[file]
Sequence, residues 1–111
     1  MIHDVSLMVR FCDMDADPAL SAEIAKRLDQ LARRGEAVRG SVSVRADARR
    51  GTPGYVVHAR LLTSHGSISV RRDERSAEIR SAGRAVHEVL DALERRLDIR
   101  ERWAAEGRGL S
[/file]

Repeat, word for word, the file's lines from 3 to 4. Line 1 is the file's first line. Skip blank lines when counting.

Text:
    51  GTPGYVVHAR LLTSHGSISV RRDERSAEIR SAGRAVHEVL DALERRLDIR
   101  ERWAAEGRGL S